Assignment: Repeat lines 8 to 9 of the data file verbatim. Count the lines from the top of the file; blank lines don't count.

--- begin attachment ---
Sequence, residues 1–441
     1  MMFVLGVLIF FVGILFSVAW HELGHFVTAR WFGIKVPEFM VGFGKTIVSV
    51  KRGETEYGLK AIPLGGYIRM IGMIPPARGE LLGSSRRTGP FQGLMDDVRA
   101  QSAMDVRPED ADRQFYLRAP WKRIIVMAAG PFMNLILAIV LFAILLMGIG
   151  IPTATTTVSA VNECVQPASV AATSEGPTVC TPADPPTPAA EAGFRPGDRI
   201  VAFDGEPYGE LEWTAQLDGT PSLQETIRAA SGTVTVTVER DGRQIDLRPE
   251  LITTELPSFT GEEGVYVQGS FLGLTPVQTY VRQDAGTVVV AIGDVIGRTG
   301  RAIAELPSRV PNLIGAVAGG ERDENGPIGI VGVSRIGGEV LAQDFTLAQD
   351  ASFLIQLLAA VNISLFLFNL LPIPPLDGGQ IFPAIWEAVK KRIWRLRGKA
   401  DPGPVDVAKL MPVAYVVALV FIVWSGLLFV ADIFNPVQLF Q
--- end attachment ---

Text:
   301  RAIAELPSRV PNLIGAVAGG ERDENGPIGI VGVSRIGGEV LAQDFTLAQD
   351  ASFLIQLLAA VNISLFLFNL LPIPPLDGGQ IFPAIWEAVK KRIWRLRGKA